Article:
Correction, 1 p.m.: Adolph Neaderland.
NORWALK, Conn. – A tentative plan under consideration by the Connecticut Department of Transportation would put traffic signals on Norwalk’s “Super 7” as part of a new interchange with the Merritt Parkway.
This new plan for a “boulevard-type concept” was published in a Western Connecticut Council of Governments study, John Eberle of Stantec, an engineering firm hired by ConnDOT, said Monday at a meeting organized by the Coalition of Norwalk Neighborhood Associations (CNNA) and Norwalk Association of Silvermine Homeowners (NASH).
It was the 20th public meeting on the resurgent effort to revamp the Route 7/Merritt Parkway interchange, Eberle said. Previous plans were held up in 2005 by a legal challenge; once that was resolved in 2006 the funding had dried up.
In 2008, “Alternate 21” was the preferred design; as recently as the December meeting with NASH, Alternate 21c was thought to be the consensus option, Eberle said.
“The key thing I talked about was keeping open-minded,” Eberle said, unveiling the new “Alternate 26” under consideration and adding that he felt it important to be transparent.
The new idea eliminates the clover-leaf style of exit and on ramps, instead favoring a pair of long, curvy exit/entrance roads between on either side of the Merritt, connecting with Main Avenue.
This would eliminate the “nonstandard ramps” and the “weaves” on the Merritt Parkway, and the use of Creeping Hemlock Drive would be improved, Eberle said.
It would require three lanes on Route 7, probably 1000 feet north and south of the parkway, he said. There would be two traffic signals on Route 7, where the roads meet the highway.
Construction on any design is not expected until 2021, and Stantec is currently studying the traffic implications of 26 in a “fatal flaw analysis,” he said. It appears to work to work but Stantec is using existing data, which does not include the changing conditions on Glover Avenue he said.
There are 1,400 approved apartments on Glover Avenue but actually 5,000 is the total currently being planned, Eberle said, in response to a question from Adolph Neaderland.
Stantec has completed a Phase I analysis of the existing conditions, delineating wetlands and natural habitats, and investigating archaeologic impacts, he said. Traffic data collection is “pretty much done,” and the data needs to be studied.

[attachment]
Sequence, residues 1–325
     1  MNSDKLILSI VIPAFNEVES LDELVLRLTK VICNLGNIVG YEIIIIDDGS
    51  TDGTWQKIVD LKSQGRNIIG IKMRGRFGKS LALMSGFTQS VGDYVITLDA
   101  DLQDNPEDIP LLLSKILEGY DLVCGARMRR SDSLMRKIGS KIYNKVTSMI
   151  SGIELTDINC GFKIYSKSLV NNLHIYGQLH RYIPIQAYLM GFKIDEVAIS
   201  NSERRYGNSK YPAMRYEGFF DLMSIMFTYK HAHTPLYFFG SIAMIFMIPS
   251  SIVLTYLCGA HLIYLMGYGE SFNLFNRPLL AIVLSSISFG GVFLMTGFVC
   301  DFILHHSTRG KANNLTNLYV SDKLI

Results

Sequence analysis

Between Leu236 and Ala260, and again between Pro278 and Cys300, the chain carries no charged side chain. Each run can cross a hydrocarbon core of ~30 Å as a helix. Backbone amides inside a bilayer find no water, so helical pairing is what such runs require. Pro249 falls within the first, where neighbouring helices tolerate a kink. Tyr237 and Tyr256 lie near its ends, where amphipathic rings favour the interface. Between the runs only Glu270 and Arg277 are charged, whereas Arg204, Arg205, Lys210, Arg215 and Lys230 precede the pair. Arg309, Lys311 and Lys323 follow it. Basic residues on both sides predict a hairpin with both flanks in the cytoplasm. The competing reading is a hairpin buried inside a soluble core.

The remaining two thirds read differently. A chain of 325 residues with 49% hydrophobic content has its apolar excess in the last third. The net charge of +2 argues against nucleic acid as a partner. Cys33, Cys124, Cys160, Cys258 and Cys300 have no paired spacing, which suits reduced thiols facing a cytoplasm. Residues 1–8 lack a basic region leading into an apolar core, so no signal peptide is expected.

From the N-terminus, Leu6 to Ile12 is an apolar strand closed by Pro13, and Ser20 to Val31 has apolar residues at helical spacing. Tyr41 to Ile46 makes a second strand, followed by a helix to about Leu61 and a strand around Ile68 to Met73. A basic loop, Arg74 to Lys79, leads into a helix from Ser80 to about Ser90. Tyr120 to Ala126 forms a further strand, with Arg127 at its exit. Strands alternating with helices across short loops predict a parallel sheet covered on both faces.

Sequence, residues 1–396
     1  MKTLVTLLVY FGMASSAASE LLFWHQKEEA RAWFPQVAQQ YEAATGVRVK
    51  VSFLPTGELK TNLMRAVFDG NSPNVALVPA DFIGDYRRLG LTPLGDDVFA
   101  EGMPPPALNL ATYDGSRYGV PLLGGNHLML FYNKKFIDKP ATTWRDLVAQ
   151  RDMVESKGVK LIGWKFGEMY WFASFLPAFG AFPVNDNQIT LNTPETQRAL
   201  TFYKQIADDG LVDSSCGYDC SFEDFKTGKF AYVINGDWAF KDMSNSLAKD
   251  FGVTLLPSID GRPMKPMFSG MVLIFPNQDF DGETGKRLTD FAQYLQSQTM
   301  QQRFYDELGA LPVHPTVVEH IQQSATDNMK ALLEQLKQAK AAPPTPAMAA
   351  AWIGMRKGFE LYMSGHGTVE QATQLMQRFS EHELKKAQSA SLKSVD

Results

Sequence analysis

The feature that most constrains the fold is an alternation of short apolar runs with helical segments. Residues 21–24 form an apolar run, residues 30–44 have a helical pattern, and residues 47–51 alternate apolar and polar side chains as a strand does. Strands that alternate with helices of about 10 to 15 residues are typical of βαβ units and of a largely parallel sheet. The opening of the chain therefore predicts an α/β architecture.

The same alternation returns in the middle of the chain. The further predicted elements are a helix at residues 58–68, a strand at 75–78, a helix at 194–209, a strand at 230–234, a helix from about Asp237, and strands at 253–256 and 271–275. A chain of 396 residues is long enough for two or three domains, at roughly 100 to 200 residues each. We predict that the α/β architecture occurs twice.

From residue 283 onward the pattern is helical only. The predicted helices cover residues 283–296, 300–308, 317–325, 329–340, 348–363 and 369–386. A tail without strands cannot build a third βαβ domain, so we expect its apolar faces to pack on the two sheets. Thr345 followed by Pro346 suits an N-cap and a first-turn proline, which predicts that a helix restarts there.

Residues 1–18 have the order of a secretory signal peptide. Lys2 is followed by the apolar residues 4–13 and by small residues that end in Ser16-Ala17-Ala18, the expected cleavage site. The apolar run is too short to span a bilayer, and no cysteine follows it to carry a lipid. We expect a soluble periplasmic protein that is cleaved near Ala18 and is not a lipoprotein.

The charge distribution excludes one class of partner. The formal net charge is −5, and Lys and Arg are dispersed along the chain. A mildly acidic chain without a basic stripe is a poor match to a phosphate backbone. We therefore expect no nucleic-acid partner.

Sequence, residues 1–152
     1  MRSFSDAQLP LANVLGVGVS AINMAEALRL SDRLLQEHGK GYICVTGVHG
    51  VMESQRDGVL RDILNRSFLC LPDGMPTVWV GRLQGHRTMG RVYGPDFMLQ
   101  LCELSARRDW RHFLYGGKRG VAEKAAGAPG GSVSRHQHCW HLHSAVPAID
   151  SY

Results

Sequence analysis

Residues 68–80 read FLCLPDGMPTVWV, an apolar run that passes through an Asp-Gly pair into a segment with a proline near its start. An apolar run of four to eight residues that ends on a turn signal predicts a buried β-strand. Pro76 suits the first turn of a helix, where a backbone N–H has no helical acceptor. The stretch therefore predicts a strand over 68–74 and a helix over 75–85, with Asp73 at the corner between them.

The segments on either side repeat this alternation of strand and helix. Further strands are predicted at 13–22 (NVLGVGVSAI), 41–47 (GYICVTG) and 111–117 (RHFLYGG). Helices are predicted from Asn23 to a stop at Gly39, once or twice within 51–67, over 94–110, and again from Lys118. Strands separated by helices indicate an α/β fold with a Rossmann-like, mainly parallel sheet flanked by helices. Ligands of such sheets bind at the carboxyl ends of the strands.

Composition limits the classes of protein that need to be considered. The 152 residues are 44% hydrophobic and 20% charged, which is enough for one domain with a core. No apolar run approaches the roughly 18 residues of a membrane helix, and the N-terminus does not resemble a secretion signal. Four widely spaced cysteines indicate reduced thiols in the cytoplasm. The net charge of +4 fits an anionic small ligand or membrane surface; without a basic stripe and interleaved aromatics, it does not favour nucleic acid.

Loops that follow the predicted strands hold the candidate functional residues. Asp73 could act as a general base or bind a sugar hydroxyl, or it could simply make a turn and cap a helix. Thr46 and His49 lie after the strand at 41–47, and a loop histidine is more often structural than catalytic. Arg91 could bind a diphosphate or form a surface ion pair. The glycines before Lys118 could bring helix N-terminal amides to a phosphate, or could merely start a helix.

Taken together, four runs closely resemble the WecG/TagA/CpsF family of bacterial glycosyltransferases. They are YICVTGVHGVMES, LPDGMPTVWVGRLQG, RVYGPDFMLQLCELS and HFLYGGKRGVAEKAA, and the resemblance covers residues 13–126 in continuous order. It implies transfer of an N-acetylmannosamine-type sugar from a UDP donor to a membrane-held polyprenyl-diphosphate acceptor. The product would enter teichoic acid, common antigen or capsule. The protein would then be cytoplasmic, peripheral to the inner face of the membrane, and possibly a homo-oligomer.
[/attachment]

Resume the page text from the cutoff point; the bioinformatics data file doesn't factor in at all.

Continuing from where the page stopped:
There are 17-odd elements in the screening process and “community input is critically important as part of that,” he said.
There are precedents in Connecticut for a freeway becoming a signalized road, he said. Norwalk’s municipal government has seen this plan and so has Wilton.
One resident commented that the new idea would probably be a great thing as it would cut down the drag racing.
There are pros and cons, Eberle said; it would cost less to build, less to maintain and use less real estate, but, “Maybe the air and noise takes the place of the dragsters, I’m not sure,” he quipped, about the impact of the traffic lights.
CNNA leader Diane Cece said ConnDOT needs to consider possible side effects, suggesting that if there’s gridlock on Super 7 drivers will flee into the surrounding neighborhoods.
It has to go through a vetting process like any other design, Eberle said. Stantec has looked at “certain properties;” it doesn’t look like they’ll be subject to eminent domain but, “we haven’t done the full geometry yet,” he said.
The traffic signals might change the classification of the roadway, he said.
“Does this open up opportunities for economic development? I don’t know, maybe. It depends on how this goes,” he said, mentioning that the topography might preclude driveways.
The next step is to form an advisory committee of about 25 people, and that’s expected in February, he said.